Eppa SupraFruta Sangria – Organic wine blended with organic “superior fruit,” this is a milder red sangria than Senor Sangria’s red, and it’s evident the company started with a fruitier wine as its base and more of a focus on strong fruit flavors. The company says that pomegranate, blueberry, blood orange, and acai juices are used in the mix, along with various citrus juices. The pomegranate is quite prominent, with blueberry close behind. The ultimate effect is a significantly different drink, something closer to a juice blend you’d have at breakfast than with your jerk chicken. Not significantly better or worse, just different. 8% alcohol. B+ / $12   eppasangria.com


Review: The Perfect Puree New Flavors – Chipotle Sour, Thyme & Citrus, Thai Basil & Black Pepper

The Perfect Puree is back with more high-end blended mixers, this time fruit bases blended with spices to create a combination of sweet and savory components in one cocktail. Want to recreate higher-end mixological tricks without a lot of effort? Check out one of these ready-made mixers.

Chipotle Sour – a hodgepodge of lime, orange, lemon, apple, pear, pineapple, and tangerine juice, plus chipotle flavors – very peppery on the nose and spicy as hell on the tongue, cut very light by lemon/lime/orange juice character; very much in the vein of a pre-mixed sangrita, you could use this as an avant garde Bloody Mary base. B+

Thai Basil & Black Pepper – a base of pineapple, lime, lemon, and orange, with (obviously) Thai basil and pepper atop – pineapple and basil are the most evident notes, and they work well together here, almost like a sweet and sour sauce or a very mild curry; the pepper is understated and mellow; probably my favorite of this batch. A-

Thyme & Citrus – looks like the same ingredients (lime, orange, lemon, etc.) plus thyme flavors in lieu of chipotle – very herbal on the nose, though it’s hard to pick out what herb it is exactly until you taste it; there the thyme comes through loud and clear, with lots of citrus behind it; tastes like something you’d get at a newfangled bar — I had good luck mixing it with passion fruit vodka. B+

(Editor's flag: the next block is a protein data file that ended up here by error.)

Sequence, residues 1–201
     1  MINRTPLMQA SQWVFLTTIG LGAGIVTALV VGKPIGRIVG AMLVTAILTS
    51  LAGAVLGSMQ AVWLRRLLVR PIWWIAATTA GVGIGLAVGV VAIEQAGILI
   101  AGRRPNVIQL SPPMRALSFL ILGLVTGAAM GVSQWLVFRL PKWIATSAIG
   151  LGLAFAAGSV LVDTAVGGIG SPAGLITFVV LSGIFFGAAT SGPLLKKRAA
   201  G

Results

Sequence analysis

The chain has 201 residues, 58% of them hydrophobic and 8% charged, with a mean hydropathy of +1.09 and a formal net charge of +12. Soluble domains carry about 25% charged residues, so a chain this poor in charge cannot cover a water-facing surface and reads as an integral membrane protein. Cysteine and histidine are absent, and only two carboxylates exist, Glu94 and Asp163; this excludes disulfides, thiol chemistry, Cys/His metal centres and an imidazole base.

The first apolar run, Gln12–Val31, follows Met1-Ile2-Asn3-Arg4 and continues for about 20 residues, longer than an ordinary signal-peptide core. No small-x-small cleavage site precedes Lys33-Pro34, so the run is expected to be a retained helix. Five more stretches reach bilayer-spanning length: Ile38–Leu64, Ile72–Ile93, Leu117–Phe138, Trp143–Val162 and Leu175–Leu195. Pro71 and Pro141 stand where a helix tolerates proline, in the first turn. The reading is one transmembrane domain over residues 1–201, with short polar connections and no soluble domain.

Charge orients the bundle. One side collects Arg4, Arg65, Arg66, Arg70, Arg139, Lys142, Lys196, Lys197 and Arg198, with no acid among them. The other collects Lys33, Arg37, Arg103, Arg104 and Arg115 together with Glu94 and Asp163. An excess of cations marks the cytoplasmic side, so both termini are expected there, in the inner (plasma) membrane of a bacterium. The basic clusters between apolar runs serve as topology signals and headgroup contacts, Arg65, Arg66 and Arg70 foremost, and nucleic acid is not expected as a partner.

each $25 per quart (32 oz.) / perfectpuree.com

perfect puree new flavors Review: The Perfect Puree New Flavors   Chipotle Sour, Thyme & Citrus, Thai Basil & Black Pepper

Review: Mionetto ‘IL’ SPR!Z

I’ve written about the Aperol Spritz — often just the Spritz — before. It’s a refreshing and tasty cocktail that’s incredibly easy to make. Along with the Bellini, it’s pretty much the official cocktail of Venice, and many Italian restaurants here and abroad have adopted the Spritz in their own menus.

In Italy, you can buy premade, bottled Spritzes galore in markets. Now they’re coming to the U.S. The first is from Mionetto, a major Prosecco brand, which is launching the complex-monikered ‘IL’ SPR!Z in the U.S. We got a chance to sample it.

‘IL’ is not exactly a traditional Aperol-based Spritz but rather “premium frizzante sparkling wine, natural colors and aromas, and flavors of fresh orange and select herbs.” The effect is quite authentic, orange-heavy on the nose, lightly bitter on the finish, with touches green olive and dried herbs. It may not be quite as good as a Spritz made with genuine Aperol, but it’s definitely palatable, refreshing, and reminiscent of hot days by the Grand Canal.

Note that this is bottled with a crown-cap closure and, once opened, partial bottles can’t readily be saved. 8% alcohol by volume. Available in 750ml, 375ml, and (soon) 187ml versions.

B+ / $14 per 750ml bottle / mionettousa.com

mionetto il spriz Review: Mionetto IL SPR!Z

Review: Rhum Clement Premiere Canne and Sirop de Canne

Today we take a fresh look at Rhum Clement, a Martinique-based producer of rhum agricole, which is rum made not from molasses (the norm) but of free-run sugar cane juice.  This year Clement celebrates its 125th anniversary, and it’s redesigning its packaging and adding a new product, Sirop de Canne (a bottled sugar syrup). We consider them both below.

Rhum Clement Premiere Canne - I last encountered this rum in 2008, and I find my feelings about it haven’t much changed. It’s very much like a better cachaca, fueled by gasoline character but tempered with loads of lemon, orange peel, and cut grass character. The sweetness is surprisingly mild for rum, a side effect of using sugar cane to distill the rum instead of molasses. Most rum drinkers will get knocked off the swing with this one, but enthusiasts will find real charm here. 80 proof. B+ / $35

Rhum Clement Sirop de Canne – A nonalcoholic sugar syrup the color of honey, and about the consistency of it, too. A lovely syrup, with the distinct flavor of gingerbread. Nutmeg and cloves on the back — and strong on the nose, too. Ingredients include “pure sugarcane, water, and natural aromas,” however that last bit works. Certainly not for straight consumption, but the holiday character here could really spice up a cocktail or punch. I’m into it. A- / $12

rhumclement.net

Review: VnC Pre-Mixed Cocktails